Thursday, April 18, 2024

A Plague Tale: Requiem Review – A delightful game of hide and squeak

It shouldn’t be a surprise to you that A Plague Tale: Requiem is one of the best games to come out of 2022. It’s predecessor A Plague Tale: Innocence is one of my personal favourites, despite it being a bastion of misery with very little joy in sight. The reason for that being a simple one: the focus on Amicia and Hugo’s relationship in the face of seemingly insurmountable odds. If you feel the same, then guess what? You’re going to love the sequel.

Much like the original, A Plague Tale: Requiem eases you into a sense of security as it sets the scene. It’s based six months after Innocence, and the world seems a little calmer on the surface – a blessing considering the horrors Amicia and Hugo had to deal with before. The siblings are joined by their mother Beatrice and alchemist Lucas, their friend and ally from the previous game. You’ll see quite a few familiar faces actually, and each one has a visual upgrade so that they not only look better graphic-wise, but fashioned in a way that suits the volatile experiences they’ve faced. They look older, more scarred by what they’ve seen.

It isn’t just our main protagonists and companions that look good. Innocence was a game that made the carnage of rot, gore and blood that soaked the environment look beautiful, but A Plague Tale: Requiem does all that and more by simply allowing itself to use a colour wheel that isn’t just full of black, grey, green and brown. It’s a lot more visually distinctive than its predecessor, leaning into warmer colours to highlight something else that feels new: people!

Yes, there were arguably plenty of people back in Innocence, but truly? I don’t think mass graves really count, do you? Instead of death being around every corner, players do get to experience spaces in the world where people aren’t just living, but thriving. They have festivals, play games, and there are even farm animals you can pet! And you don’t have to kill these ones! Already that’s a big plus for me, someone who absolutely sobbed their heart out after the pig scene in Innocence..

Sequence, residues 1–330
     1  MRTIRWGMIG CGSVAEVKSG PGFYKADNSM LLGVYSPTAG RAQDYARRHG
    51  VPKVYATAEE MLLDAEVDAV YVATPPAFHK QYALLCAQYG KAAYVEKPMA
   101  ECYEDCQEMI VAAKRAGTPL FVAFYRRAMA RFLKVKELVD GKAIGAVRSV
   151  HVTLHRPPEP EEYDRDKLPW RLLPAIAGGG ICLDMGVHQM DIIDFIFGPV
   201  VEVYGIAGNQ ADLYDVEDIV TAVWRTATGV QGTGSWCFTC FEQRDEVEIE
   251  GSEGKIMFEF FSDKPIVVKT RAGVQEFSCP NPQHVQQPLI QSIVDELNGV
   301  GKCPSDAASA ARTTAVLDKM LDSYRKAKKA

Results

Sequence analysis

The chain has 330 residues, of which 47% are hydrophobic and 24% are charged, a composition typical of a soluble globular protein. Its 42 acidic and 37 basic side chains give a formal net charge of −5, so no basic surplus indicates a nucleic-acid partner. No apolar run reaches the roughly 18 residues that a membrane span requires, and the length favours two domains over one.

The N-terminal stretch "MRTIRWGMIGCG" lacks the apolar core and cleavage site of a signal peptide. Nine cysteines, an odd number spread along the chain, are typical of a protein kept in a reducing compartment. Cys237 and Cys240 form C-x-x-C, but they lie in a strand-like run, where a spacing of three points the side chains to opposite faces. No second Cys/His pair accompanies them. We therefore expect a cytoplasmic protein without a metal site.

Exploring and witnessing towns full of people is a big change, and while I can see why some players may feel like it takes away from the tension of death being around every corner, I wholeheartedly beg to differ. The cursed Macula that runs through Hugo’s blood was delayed from corrupting him fully in Innocence, but its dark power serves as a constant reminder that even in times of peace and prosperity, the rats and the plague are always a mere breath away. It made even the happiest of moments feel like I was walking on a knife’s edge.

Speaking of rats. In A Plague Tale: Requiem they are bigger, better and even deadlier than before. You used to have some sort of safety net by being able to climb and get away from these deadly pests, but guess what? Now they are much faster and can climb up walls, meaning that even if they are down below and you’re in the darkness, they can scramble up and feast on your flesh before you even know what’s hit you.

But it isn’t all bad for our beloved siblings. The pro side of the rats being more dangerous is that Hugo is able to take their fierce nature as a boon, controlling these pests to leave swaths of enemies behind in their wake. It works even better if you take advantage of Amicia’s arsenal too, a combination of ranged weapons like the slingshot, mixed with the powerful potency of alchemy that was so useful in Innocence. I found myself laughing with glee as I slung a rock of Odouris (an alchemical component that douses fire) at enemy torches, only to mop them up with Hugo’s rats. There is a downside to this though. The more you use the rats, the more damage it does to his psyche and control. Sorry about making you think you’re a monster, buddy.